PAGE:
Three hunts completed we returned to the boxes where Miss Jorrocks believes she washed a goodly percentage of East Sussex from her mare. Fortunately the mud, though much in abundance, was the very washable sort and soon we were at tea in the Godwins’ lovely farmhouse the history of which has been traced back to 1460. A delicious spread of chilli con carne, hot pies and remembrance cake awaited us and clearly much preparation had been completed prior to our arrival. A really lovely end to a wonderful day.
Miss Jorrocks writes:
On Monday 3 rd November, St Hubert’s Day, hounds met at Montague, Hankham – the guests of the Glessing and Hole families.
We have marked St Hubert’s day for the past twenty seasons, and always at Montague unless the weather was so foul that mounted hunting was impossible.
Monday dawned wet and windy and gloom settled over Miss Jorrocks’ household as she prepared for another day in the rain. Such despondency was short lived as she brightened at the prospect of hunting on Montague, one of her favourite hunting places.
A small field of about thirty assembled and were promptly lashed by another torrential downpour. St Hubert must have been in very bad humour indeed! The St Hubert’s day blessing was given by the Reverend Albert Ginno who usually seems oblivious to the elements, but today sported a barbour rain coat over his clerical vestments and stood under the shelter of an umbrella held by a kindly foot follower.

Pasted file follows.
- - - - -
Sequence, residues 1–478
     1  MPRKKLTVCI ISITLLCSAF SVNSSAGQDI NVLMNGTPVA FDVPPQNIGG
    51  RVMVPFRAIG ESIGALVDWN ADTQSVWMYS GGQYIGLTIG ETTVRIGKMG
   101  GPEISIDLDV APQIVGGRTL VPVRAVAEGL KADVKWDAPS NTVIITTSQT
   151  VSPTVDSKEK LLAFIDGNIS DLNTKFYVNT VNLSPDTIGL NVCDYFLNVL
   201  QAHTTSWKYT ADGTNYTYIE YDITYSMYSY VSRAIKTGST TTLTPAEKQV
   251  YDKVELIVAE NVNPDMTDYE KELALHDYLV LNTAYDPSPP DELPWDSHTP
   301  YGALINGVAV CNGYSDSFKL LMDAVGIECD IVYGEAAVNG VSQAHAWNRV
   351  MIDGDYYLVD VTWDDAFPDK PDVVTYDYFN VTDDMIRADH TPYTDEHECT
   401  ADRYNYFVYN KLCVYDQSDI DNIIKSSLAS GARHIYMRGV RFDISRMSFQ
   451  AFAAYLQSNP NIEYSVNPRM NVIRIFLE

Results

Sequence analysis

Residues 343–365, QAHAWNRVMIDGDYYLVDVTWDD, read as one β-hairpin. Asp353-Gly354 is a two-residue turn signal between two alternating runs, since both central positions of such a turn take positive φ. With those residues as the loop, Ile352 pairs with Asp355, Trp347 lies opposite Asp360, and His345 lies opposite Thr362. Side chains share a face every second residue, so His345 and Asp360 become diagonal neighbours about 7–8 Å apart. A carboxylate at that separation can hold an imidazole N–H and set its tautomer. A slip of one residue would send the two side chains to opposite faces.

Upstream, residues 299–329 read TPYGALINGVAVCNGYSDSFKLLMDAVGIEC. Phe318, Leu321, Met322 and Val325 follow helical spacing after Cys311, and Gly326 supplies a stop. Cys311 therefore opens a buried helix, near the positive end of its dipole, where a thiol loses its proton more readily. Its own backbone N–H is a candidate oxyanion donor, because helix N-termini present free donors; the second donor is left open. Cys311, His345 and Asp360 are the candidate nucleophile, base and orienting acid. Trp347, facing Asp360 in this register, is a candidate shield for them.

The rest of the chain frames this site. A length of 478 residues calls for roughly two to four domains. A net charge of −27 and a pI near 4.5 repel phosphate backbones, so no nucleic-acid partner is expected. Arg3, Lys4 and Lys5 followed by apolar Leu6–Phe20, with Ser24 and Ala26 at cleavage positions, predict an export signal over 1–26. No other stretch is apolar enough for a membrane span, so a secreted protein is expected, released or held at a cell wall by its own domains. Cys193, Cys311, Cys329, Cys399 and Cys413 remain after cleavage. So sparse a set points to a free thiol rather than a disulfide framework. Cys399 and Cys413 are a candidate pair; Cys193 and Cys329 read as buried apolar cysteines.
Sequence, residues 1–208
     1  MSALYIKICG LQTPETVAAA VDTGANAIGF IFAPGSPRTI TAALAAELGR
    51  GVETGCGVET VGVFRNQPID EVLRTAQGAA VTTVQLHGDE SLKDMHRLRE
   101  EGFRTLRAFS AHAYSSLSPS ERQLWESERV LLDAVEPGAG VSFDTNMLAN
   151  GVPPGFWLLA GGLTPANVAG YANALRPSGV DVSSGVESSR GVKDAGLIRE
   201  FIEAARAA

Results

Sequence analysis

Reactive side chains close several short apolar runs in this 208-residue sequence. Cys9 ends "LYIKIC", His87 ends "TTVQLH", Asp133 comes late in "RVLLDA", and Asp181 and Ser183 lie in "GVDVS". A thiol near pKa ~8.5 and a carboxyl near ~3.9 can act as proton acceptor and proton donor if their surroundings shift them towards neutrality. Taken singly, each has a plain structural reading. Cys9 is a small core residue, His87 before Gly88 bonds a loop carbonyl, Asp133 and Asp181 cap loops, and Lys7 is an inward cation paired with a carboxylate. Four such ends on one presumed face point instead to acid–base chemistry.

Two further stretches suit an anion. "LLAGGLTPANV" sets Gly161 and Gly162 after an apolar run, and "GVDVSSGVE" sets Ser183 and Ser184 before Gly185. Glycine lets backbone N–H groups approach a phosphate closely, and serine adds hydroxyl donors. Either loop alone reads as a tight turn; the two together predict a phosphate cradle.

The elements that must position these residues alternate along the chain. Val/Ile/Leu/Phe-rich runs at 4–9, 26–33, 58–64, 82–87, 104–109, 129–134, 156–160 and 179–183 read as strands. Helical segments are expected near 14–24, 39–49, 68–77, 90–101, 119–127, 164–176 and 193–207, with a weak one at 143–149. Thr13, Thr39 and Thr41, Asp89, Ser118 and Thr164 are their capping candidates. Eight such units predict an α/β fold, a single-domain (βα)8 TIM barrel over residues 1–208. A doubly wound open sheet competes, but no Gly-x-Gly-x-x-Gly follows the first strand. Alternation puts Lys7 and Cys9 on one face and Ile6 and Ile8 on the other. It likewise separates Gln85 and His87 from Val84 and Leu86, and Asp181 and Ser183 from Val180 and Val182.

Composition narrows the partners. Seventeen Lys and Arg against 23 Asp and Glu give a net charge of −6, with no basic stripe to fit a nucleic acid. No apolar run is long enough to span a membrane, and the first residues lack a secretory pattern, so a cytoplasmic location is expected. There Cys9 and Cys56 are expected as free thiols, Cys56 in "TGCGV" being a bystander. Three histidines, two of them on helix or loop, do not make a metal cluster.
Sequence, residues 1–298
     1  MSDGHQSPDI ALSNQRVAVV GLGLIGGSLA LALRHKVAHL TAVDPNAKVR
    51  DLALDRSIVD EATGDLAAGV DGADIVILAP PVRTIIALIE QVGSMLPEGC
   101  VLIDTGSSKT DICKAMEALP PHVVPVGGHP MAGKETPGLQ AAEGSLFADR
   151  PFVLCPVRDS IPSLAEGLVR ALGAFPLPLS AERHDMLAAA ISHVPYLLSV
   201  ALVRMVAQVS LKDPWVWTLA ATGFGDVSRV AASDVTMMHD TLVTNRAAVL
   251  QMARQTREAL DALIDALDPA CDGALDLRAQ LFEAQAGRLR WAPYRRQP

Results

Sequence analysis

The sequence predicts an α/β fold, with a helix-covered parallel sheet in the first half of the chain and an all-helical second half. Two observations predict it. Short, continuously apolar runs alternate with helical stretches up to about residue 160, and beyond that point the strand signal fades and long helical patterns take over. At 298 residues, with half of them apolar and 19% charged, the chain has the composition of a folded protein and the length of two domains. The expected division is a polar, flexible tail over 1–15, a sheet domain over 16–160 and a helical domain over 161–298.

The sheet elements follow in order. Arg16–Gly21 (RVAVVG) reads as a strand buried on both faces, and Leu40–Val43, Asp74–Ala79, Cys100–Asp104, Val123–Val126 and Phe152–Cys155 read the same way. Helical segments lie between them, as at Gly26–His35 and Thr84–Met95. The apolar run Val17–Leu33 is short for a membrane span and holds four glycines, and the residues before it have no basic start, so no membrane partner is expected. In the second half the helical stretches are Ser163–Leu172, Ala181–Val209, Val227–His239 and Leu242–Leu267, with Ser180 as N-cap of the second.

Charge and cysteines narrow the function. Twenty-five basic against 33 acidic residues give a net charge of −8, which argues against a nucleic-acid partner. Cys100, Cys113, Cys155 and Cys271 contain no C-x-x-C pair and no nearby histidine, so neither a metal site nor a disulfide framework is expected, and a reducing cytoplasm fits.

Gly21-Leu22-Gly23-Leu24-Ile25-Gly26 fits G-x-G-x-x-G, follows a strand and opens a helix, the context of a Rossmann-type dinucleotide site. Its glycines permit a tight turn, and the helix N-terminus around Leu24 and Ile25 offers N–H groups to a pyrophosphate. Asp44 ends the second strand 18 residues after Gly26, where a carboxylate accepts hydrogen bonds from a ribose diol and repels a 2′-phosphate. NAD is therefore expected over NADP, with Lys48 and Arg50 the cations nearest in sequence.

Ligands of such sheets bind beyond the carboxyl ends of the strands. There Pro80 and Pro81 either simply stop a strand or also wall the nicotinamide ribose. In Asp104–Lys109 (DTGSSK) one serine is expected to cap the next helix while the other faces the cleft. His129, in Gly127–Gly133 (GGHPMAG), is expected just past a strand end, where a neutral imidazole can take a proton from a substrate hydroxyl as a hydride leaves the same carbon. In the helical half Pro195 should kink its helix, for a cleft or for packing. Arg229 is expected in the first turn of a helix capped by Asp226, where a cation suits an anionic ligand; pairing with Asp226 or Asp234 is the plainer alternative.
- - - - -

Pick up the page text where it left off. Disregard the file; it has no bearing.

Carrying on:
The reverend’s homily was both poignant and pertinent as he remembered the late John “Potto” Glessing who was our host for nineteen seasons and no longer with us to enjoy the twentieth. The reverend spoke of Potto’s love of the countryside and nature, which set the foundations of the Montague we enjoy today – a tradition carried on by Martin Hole whose benevolence knew no bounds as he allowed us to gallop about on his impeccable pasture in the pouring rain.
Hounds blessed, we set off to hunt thus forging a new link in the chain that stretches back fourteen centuries to St Hubert himself, who hunted deer with his St Hubert hounds - the one time name of the Bloodhound.
Three hunts made up the day and there were, Miss Jorrocks is delighted to report, some “serious fences” several of which she attempted successfully herself – clearly emboldened by the hand of St Hubert!
The ground was wet and at times deep. Miss Jorrocks only hopes that the hoof print fairies will visit under the cover of darkness and poor Martin Hole will be none the wiser of the holes in his beautiful turf.
The day finished with a rousing cheer for the late Potto before the Huntsman blew for home and we went in to a truly excellent tea of Chilli con Carne and hot pies.